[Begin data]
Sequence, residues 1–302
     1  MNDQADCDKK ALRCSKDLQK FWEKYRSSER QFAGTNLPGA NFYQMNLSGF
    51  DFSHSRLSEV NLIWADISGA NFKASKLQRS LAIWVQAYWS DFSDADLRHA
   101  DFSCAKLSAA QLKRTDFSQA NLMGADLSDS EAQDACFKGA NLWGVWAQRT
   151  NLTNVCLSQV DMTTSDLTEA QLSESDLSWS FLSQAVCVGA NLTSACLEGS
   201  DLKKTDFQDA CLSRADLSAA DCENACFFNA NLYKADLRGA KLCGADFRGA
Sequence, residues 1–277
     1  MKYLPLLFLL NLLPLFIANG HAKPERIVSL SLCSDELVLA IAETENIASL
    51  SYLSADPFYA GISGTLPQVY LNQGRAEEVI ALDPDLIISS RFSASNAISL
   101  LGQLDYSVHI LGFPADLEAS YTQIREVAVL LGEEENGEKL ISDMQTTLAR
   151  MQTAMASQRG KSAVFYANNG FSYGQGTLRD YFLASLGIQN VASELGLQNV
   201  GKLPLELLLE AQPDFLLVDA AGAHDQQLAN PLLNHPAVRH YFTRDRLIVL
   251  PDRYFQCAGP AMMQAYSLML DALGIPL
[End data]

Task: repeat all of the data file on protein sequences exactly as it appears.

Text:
Sequence, residues 1–302
     1  MNDQADCDKK ALRCSKDLQK FWEKYRSSER QFAGTNLPGA NFYQMNLSGF
    51  DFSHSRLSEV NLIWADISGA NFKASKLQRS LAIWVQAYWS DFSDADLRHA
   101  DFSCAKLSAA QLKRTDFSQA NLMGADLSDS EAQDACFKGA NLWGVWAQRT
   151  NLTNVCLSQV DMTTSDLTEA QLSESDLSWS FLSQAVCVGA NLTSACLEGS
   201  DLKKTDFQDA CLSRADLSAA DCENACFFNA NLYKADLRGA KLCGADFRGA
Sequence, residues 1–277
     1  MKYLPLLFLL NLLPLFIANG HAKPERIVSL SLCSDELVLA IAETENIASL
    51  SYLSADPFYA GISGTLPQVY LNQGRAEEVI ALDPDLIISS RFSASNAISL
   101  LGQLDYSVHI LGFPADLEAS YTQIREVAVL LGEEENGEKL ISDMQTTLAR
   151  MQTAMASQRG KSAVFYANNG FSYGQGTLRD YFLASLGIQN VASELGLQNV
   201  GKLPLELLLE AQPDFLLVDA AGAHDQQLAN PLLNHPAVRH YFTRDRLIVL
   251  PDRYFQCAGP AMMQAYSLML DALGIPL